5 Myths about Leadership

This article is part of the 5 Myths series.

Harmful Statements about Leadership

Let’s give attention to some statements about leadership that are endorsed by our culture but may not be true. In fact, these statements may even be harmful to individuals and organizations and the missions they pursue.

Myth #1: Everyone is a leader.

This statement is ubiquitous in leadership literature. A quick internet search will guide you to a host of articles with this phrase in the title. It is usually accompanied by a definition of leadership that plausibly supports this claim. For example, one might define leadership as influence, and since everyone has influence, everyone is therefore a leader. Clearly, part of leadership is influence, and it is presumably true that everyone has some influence on others. But this is like saying everyone is a doctor because we all deal with illness or everyone is a chef because we all prepare food. Defining doctor and chef so loosely simply makes the words meaningless. As Betsy Jordyn notes, “The ‘everyone is a leader’ myth, which has been blindly accepted as truth, actually waters down the significance and uniqueness of the gift of leadership and keeps people who don’t have that gift from finding out what they actually are great at doing.”1

What, then, is leadership? Admittedly, leadership can be difficult to define. As part of research for his book The Future Leader, Jacob Morgan asked more than 140 CEOs from around the world to define leadership. He noted that his interviewees seemed to pause, sensing that leadership was a word that everyone used without really defining. Once the definitions were given, he commented, “From more than 140 people, I didn’t receive a single duplicate response.”2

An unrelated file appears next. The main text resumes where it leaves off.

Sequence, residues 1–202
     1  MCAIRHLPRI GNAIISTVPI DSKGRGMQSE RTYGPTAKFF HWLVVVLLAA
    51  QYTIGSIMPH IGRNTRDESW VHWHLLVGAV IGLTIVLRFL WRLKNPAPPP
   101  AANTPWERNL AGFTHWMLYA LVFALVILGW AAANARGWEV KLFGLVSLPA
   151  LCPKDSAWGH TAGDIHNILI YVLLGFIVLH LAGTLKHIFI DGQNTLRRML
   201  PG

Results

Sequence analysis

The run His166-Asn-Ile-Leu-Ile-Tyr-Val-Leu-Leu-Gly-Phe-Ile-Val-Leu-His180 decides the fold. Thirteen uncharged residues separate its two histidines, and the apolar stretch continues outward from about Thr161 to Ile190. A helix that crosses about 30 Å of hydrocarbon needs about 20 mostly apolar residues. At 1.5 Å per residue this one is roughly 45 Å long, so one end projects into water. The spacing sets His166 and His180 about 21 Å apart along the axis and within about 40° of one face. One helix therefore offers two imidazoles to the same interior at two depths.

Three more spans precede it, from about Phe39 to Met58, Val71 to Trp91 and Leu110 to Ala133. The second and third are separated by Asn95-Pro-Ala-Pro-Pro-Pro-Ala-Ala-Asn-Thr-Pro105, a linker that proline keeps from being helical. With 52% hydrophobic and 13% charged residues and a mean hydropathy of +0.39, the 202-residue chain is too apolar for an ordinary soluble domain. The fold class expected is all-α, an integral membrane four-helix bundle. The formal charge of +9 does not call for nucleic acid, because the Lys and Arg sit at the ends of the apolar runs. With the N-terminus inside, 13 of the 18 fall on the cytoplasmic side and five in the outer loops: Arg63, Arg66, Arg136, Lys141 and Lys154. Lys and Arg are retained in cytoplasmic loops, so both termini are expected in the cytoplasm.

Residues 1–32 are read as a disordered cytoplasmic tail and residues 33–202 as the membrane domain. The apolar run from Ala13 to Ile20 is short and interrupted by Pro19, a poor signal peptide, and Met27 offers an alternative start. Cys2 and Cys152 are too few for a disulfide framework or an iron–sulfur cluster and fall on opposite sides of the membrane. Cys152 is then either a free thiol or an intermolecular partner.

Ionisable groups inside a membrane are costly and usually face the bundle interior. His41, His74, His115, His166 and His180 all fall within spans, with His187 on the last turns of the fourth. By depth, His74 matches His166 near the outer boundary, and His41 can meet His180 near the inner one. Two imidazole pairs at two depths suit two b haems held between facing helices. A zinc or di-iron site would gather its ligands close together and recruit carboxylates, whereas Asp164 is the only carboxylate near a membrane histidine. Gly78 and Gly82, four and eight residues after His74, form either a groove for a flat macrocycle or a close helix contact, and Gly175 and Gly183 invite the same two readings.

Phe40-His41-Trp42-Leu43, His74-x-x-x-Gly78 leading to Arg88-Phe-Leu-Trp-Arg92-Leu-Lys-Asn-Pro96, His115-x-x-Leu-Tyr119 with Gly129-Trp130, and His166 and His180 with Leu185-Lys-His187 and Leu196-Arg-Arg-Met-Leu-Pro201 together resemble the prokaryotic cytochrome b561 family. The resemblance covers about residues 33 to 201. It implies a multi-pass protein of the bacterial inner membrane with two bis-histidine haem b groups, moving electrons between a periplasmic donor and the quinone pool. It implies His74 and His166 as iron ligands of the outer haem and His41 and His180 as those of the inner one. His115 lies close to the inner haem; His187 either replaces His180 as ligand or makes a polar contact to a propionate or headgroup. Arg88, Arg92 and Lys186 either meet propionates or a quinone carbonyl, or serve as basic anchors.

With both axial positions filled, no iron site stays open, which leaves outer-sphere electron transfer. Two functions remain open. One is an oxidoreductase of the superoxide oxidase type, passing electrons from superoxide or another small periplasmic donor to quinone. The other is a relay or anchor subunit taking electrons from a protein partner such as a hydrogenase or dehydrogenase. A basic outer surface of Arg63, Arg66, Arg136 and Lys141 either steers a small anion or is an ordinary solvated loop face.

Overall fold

Though there is truth in what Morgan says about the diversity of leadership definitions, the problem this poses can be easily overstated. As long as we are not seeking a perfect, universal definition of leadership, an ordinary dictionary serves rather well. For example, the Oxford English Dictionary entries for “leader” include phrases such as “foremost or most eminent member (of a profession),” “a person of eminent position and influence,” and “a person who guides others in action or opinion.”3 Further, a leader is one who “takes the lead in any business, enterprise, or movement and who is ‘followed’ by disciples or adherents.”4These definitions serve admirably by making explicit our common intuitions: leaders are people who have followers; leaders are the foremost experts or people of eminent influence; leaders are not just one of the pack, they are people who guide the direction of the pack. If leaders are defined in no small part by the fact that they have followers, then a simple truth emerges: in any given setting, someone has to be the follower, and therefore everyone cannot be the leader.

One might think this is merely a vocabulary problem, a complaint about the way we talk about leadership and nothing more. However, the way we talk has consequences, some of which can be dangerous or destructive both to our souls and the organizations and communities that we are a part of.

We often say that everyone is a leader because we want to be inclusive; leadership is a trophy we want everyone to receive. However, this desire actually hurts and excludes the very people we are trying to include. As we have noted, the plain fact is that in any given setting everyone is not a leader; in fact, most members of a group are followers, not leaders. But if we say that everyone is supposed to be a leader, then the word “follower” just becomes shorthand for “failed leader.” As a result, being a follower is not defined as a job that one can do well, it is defined as a job that you are failing to do—the job of leading. In this way of thinking, the only way followers really become successful is if they become leaders.

Myth #2: Everyone should aspire to lead.

Perhaps, one might argue, even if everyone is not a leader at any given time, everyone should aspire to be a leader. If one cannot be a leader in all contexts, at least one can be a leader in some. But why? Why must everyone aspire to leadership? Because leadership is good and following is bad? Because everyone was designed to lead and we should fulfill our design? Because we will never be fulfilled if we are not leaders? There is no reason to believe any of these claims are true.

Beginning with the first claim, there is no reason to accept that leadership is good and followership is bad. They are both necessary. If one is leading, one should be a good leader. If one is following, one should be a good follower. There are good and bad versions of both followers and leaders.